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Black History Month: historically Black ag education

This was the scene on February 7, when President Obama signed the 2014 Farm Bill into law at Michigan State University.
This was the scene on February 7, when President Obama signed the 2014 Farm Bill into law at Michigan State University.
Photo by Bill Pugliano/Getty Images

President Obama's signing of the 2014 Farm Bill at Michigan State University brought to the fore the role of the land-grant institution in the history of agriculture. This year also marks the 100th anniversary of the passing of the Smith-Lever Act, which established the Cooperative Extension Service, and arguably ensures agricultural education's role in the future of farming, as well as other pursuits. However, in honor of Black History Month, today we look at the second Morrill Act.

In 1890, in order to expand on the work that was begun in 1862 with the first Morill Act, Congress passed another which increased funding and support to one land-grant college in each state, to provide post-secondary education in agriculture and industry. Moreover, this second bill sought "broader education for the American people in the arts of peace, and especially in agriculture and mechanics arts." The funds were to "be applied only to instruction in agriculture, the mechanic arts, the English language, with reference to their applications in the industries of life". In order to receive support from congressmen from the South, at this time a "separate but equal" provision was included, for the establishment of land-grant schools for Blacks. Afterward, in 17 southern and border states, two land-grant colleges existed. In our local area, only Kentucky State University belongs to the list of 1890 land-grant schools.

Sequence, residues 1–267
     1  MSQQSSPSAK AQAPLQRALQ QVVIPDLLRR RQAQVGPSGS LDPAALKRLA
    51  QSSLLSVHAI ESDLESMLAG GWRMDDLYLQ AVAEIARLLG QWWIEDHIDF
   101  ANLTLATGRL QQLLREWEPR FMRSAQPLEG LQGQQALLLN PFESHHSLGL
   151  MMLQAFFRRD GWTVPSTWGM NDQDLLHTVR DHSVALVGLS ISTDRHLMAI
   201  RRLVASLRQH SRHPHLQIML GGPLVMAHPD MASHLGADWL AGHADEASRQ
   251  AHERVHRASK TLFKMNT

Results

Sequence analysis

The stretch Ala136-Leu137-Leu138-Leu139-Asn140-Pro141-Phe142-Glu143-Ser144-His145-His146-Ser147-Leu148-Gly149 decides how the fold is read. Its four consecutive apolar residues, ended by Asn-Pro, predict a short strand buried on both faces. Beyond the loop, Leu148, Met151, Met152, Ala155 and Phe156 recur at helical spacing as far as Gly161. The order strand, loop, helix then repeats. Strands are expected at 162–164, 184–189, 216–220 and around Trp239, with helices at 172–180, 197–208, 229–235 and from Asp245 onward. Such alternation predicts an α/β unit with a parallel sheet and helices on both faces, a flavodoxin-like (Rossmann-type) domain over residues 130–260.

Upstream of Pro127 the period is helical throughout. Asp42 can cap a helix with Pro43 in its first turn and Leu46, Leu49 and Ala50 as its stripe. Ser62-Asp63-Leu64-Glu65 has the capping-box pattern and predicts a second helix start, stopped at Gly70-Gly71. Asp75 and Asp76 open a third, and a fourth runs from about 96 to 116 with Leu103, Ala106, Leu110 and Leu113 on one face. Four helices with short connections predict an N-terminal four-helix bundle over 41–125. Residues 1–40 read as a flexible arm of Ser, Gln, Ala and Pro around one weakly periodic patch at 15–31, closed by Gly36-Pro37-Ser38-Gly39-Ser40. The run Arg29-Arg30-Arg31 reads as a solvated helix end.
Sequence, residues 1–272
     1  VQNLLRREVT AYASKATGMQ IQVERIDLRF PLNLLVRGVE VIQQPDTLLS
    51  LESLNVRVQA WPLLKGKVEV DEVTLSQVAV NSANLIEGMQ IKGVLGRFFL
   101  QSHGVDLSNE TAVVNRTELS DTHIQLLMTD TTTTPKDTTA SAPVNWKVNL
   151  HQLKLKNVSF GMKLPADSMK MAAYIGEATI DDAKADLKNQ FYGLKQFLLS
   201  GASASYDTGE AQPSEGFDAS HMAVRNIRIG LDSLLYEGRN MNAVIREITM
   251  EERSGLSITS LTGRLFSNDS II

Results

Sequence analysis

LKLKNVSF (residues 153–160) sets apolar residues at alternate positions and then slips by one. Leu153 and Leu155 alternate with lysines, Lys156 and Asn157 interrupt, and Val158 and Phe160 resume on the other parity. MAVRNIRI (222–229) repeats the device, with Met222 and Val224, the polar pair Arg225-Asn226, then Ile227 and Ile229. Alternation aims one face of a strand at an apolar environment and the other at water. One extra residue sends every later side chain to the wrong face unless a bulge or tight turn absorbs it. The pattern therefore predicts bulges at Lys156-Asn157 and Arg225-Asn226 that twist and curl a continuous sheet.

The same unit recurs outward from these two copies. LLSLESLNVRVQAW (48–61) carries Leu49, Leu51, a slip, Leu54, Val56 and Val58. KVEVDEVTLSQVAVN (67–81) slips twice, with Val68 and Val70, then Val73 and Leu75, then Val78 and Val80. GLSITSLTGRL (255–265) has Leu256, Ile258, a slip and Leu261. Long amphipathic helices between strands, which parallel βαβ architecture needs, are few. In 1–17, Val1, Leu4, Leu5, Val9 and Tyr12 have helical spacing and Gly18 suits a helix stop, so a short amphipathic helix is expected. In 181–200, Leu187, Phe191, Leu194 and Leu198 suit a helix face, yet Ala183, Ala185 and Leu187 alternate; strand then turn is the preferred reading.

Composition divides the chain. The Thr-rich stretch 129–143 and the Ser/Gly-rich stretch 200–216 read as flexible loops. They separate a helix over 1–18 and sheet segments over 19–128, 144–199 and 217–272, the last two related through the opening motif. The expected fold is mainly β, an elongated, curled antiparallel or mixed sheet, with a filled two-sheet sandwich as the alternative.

Just before this time, one agricultural educator, Seaman A. Knapp, put forth the idea that farmers would be more likely to adopt new practices if they were demonstrated on their own farms, rather than at a research farm. This idea, to bring the results of research to farmers where they worked, provided the impetus for the birth of agricultural extension work. Accordingly, historically Black institutions were working to bring research to farmers in their fields, most notably at Tuskegee Institute, where George Washington Carver was recruited by Booker T. Washington to spearhead this effort. Tuskegee is not a land-grant university, but it had a similar curriculum, as well as an agricultural experiment station funded by the 1887 Hatch Act, like many land-grants. In 1892, the first annual Negro Farmers Conference took place at Tuskegee, and extension work among Black farmers had its launching pad. By 1900, over 1,000 Tuskegee students were doing extension work throughout a wide area. Then, in 1914, the passing of the Smith-Lever Act established and funded cooperative extension at all land-grant schools. We'll talk more about that in a future article.